The relevant option is
--locale=locale to the initdb command which initializes your database cluster. If you don't supply it explicitly it defaults to the system locale. (You probably run your Ubuntu on locale 'C'.)
Read more about it in the excellent manual here.
In PostgreSQL you can still sneak in a database with different locale by basing a new database off
template0 instead of the default
templeate1. I quote the manual here:
The encoding and locale settings must match those of the template
database, except when template0 is used as template.
But I'd rather recreate the database cluster with the desired locale. Much cleaner.
Edit: info about available locales
You can only use locales that are provided by the operating system. I quote the manual here:
What locales are available on your system under what names depends on
what was provided by the operating system vendor and what was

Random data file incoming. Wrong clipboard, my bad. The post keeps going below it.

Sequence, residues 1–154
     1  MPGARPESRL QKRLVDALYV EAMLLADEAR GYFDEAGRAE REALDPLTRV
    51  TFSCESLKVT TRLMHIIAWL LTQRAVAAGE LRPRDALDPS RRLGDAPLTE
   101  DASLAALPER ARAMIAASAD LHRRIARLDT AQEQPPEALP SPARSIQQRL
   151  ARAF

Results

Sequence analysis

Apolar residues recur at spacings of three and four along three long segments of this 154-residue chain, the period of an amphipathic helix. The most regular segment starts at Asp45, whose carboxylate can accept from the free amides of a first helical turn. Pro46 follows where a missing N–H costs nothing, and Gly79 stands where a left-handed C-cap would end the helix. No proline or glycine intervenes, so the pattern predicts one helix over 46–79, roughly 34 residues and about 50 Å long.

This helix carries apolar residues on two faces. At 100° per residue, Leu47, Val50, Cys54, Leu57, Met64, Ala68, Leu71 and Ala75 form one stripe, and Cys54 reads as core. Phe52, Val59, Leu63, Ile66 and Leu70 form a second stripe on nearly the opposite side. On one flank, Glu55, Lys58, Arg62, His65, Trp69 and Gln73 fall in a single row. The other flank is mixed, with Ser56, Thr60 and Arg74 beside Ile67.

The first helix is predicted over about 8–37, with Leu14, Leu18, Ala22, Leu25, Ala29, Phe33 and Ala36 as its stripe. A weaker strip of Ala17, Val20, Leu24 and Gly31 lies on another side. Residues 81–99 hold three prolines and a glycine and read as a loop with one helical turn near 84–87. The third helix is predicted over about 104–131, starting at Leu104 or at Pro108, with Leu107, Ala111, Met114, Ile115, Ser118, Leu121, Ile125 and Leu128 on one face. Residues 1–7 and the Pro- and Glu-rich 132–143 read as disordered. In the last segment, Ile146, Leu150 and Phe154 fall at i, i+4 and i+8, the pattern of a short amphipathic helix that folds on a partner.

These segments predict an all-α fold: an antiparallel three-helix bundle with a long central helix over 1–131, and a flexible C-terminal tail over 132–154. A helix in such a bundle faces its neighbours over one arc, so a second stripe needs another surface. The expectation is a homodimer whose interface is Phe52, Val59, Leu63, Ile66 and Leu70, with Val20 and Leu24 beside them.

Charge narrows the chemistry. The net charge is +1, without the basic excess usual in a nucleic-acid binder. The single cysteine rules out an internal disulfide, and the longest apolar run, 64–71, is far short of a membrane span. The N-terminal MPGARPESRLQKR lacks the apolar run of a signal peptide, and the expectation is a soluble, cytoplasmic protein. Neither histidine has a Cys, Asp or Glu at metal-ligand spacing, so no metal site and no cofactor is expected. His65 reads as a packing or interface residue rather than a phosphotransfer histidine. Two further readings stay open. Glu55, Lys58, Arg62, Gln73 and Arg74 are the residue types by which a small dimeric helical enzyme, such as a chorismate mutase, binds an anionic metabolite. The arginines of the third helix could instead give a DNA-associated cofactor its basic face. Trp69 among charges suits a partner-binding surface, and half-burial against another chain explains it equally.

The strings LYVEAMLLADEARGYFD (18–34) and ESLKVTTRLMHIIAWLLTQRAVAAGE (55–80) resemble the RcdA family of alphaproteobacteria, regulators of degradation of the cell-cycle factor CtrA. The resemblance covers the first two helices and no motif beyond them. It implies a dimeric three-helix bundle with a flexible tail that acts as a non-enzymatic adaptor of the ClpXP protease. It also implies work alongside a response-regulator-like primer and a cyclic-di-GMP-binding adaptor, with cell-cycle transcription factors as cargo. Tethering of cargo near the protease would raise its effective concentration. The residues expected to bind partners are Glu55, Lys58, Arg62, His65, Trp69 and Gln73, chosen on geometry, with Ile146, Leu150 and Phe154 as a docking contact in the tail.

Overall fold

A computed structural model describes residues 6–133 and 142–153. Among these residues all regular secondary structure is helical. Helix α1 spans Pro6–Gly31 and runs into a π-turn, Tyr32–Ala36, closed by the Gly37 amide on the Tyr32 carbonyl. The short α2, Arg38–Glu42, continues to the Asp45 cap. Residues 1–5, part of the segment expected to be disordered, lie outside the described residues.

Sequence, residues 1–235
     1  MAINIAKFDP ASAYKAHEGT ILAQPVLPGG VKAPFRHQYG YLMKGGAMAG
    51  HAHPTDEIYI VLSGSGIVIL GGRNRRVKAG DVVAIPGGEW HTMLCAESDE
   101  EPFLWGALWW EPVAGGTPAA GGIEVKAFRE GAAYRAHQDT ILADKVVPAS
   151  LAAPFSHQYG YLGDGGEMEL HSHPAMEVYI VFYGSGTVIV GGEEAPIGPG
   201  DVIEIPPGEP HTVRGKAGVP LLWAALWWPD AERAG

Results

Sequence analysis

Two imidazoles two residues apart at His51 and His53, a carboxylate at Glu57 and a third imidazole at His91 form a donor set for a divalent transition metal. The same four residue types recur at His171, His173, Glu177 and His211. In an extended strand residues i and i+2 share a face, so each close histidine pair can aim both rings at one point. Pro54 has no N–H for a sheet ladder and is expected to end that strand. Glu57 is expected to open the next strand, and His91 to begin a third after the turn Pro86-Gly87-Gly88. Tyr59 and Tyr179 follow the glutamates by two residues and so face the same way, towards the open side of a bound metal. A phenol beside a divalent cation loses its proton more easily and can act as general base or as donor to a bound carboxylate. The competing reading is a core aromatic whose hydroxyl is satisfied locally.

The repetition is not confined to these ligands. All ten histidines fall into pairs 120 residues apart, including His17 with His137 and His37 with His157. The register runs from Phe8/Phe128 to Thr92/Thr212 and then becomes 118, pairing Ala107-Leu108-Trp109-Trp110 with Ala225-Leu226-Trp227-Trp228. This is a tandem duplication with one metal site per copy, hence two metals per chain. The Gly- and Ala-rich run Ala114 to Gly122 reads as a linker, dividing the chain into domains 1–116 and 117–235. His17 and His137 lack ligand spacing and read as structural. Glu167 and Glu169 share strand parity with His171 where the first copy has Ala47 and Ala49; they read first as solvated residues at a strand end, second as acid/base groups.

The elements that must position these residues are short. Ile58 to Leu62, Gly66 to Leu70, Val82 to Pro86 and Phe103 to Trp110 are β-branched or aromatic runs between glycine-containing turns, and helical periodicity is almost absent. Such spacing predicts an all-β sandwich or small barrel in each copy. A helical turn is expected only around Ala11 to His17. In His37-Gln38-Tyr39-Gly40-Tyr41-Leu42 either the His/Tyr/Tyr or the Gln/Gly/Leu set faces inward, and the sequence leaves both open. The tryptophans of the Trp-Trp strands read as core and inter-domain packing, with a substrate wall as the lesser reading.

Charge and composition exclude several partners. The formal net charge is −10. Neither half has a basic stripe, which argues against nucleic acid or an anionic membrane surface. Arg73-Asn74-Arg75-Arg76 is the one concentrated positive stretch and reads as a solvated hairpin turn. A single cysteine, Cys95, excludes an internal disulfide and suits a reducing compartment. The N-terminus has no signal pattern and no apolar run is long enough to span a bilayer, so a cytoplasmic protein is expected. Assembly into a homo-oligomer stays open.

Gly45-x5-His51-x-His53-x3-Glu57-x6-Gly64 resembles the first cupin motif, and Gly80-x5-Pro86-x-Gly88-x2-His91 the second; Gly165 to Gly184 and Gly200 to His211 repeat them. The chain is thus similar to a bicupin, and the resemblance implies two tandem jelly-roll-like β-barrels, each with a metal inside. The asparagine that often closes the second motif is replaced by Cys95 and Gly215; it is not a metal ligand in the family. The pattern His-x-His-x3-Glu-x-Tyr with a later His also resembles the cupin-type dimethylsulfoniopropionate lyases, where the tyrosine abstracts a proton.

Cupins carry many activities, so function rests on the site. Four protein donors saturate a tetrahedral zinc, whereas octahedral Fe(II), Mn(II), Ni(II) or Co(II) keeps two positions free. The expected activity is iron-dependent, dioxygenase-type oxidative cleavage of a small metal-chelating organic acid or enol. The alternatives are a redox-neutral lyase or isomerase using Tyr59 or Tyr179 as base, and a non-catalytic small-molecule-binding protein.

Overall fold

installed. On most Unix systems, the command locale -a will provide a
list of available locales. Windows uses more verbose locale names,
such as German_Germany or Swedish_Sweden.1252, but the principles are
locale-gen in a Unix-system, if you want to use a locale that has not yet been generated. The important thing to understand is that multiple locales can be installed in your OS, but only one of them can be picked for system parameters like
LC_COLLATE, etc. Look at the output of
locale -a in the shell. Usually it is the same for all, set via
@David: What you did may have solved your problem, but you could have had that easier. Also, be aware that the environment variable
LANG only provides the default for all locale settings. If any of them is set to something different,
LANG will be overridden. Set
LC_ALL to override any existing setting. Here is one of many sites in the web telling you more about that.
To check all current locale settings of your database (cluster), run in your database:
Or more specifically:
WHERE name ~~ 'lc%';